FIRST ALERT: Parts of New England Could See Half a Foot of Snow from Monday Storm

Less wind, mostly clear skies, highs rise to upper 20s

NBC Universal, Inc.

Another freezing start but noticeably absent Sunday morning are the gusty winds we experienced Saturday -- making it feel much colder!

Sunday will feature more seasonable temps across southern New England with highs reaching the mid 20s to low 30s along with clouds on the increase in the afternoon. 

Northern areas will see temps reaching the upper teens to low 20s with high, thin clouds on the increase later today with light winds as well.  Definitely a great day to hit the slopes!

The big story is a powerful storm which will make a major impact on our long weekend plans as it approaches the area late Sunday night and into Martin Luther King Jr. Day -- First Alert has been issued for Monday! With cold air in place, we’ll see snow developing form south to north tonight, but it will quickly change to rain along the coast by daybreak Monday. 

Interior central and western areas of southern New England will see a prolonged period of snow before eventually changing to rain by the mid to late morning as the storm takes an inland track over New England.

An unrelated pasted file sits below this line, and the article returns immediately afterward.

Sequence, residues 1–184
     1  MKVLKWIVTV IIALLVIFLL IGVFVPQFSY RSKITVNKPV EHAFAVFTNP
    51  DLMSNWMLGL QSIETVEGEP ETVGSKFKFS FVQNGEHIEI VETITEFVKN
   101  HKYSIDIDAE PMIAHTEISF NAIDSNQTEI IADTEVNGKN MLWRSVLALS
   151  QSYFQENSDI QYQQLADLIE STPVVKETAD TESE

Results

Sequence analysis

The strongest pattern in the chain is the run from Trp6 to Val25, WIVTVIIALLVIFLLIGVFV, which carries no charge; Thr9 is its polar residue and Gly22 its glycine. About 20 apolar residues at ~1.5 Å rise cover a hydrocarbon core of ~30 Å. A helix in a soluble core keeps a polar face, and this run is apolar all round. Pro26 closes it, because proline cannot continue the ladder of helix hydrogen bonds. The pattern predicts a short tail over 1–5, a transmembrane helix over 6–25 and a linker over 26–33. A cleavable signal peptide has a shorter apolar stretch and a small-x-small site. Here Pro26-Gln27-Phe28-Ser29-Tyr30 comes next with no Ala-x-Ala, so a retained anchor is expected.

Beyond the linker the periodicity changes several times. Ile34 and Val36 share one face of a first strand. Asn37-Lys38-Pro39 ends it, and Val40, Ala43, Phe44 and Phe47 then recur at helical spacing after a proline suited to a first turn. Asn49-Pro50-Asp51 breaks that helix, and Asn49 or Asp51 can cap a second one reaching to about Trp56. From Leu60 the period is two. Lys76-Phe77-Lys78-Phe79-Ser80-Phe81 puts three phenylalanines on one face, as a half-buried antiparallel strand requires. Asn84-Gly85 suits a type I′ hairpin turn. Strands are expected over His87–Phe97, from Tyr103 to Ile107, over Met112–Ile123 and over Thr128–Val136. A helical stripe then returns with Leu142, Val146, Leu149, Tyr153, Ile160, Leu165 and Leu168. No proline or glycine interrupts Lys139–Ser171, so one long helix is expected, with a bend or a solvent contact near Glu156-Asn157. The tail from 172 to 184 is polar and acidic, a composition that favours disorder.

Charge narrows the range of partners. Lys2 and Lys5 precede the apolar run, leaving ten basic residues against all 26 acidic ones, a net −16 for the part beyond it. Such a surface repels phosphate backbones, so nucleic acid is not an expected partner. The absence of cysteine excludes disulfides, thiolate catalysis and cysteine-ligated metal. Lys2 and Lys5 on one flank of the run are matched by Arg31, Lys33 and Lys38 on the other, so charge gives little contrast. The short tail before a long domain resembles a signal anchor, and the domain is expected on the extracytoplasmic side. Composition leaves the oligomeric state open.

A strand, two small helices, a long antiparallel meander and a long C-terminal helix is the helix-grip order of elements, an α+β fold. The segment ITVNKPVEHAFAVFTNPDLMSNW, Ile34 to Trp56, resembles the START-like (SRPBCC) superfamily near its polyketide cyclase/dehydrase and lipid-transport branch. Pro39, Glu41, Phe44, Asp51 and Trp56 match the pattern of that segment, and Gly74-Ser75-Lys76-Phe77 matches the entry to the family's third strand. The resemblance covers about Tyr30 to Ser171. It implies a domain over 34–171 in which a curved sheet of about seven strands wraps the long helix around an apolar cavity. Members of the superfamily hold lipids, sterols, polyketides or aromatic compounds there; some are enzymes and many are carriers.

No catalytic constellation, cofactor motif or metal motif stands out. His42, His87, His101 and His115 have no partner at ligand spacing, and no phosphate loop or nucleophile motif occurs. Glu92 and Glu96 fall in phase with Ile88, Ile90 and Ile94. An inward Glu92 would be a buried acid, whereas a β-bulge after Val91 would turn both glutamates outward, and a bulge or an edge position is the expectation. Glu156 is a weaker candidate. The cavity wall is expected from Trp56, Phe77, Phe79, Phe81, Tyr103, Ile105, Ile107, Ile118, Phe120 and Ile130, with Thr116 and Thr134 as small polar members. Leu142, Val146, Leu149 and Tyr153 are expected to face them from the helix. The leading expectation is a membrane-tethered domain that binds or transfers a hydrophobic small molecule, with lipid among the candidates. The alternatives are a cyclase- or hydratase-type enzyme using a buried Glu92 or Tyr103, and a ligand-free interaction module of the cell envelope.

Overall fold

Nevertheless, several inches of snow are likely to be seen across portions of northern Worcester County, with 4 to 6 inches or more northwestern Massachusetts into southern Vermont.

Central and northern New England will also hold onto the snow and sleet longer as the system lifts northward through the day, but eastern portions of Maine will likely see a changeover to rain during the morning as milder air works into the system via a gusty southeast wind. 

The storm is definitely great news for ski season with many resorts from Vermont to Maine likely seeing over a foot of much needed new snow.

Besides being a rain/snow maker, we are monitoring for potentially damaging winds along the New England coastline from Connecticut to Maine as southeasterly winds increase early Monday morning and continue to gust through the afternoon.

We may see gusts over 60 to 70 mph across the Cape and Islands to coastal Maine which may cause damage and power outages in those areas.  High tide will be occurring mid to late morning which will coincide with the strongest gusts the system has to offer! 

Minor to moderate coastal flooding is possible, especially Cape Ann to the New Hampshire sea coast. Your First Alert Team will be updating the forecast as more details unfold.

Enjoy your Sunday!

Today on the SnowCap, meteorologist Pamela Gardner previews the messy storm coming soon and why she says it is sou’easter.
Contact Us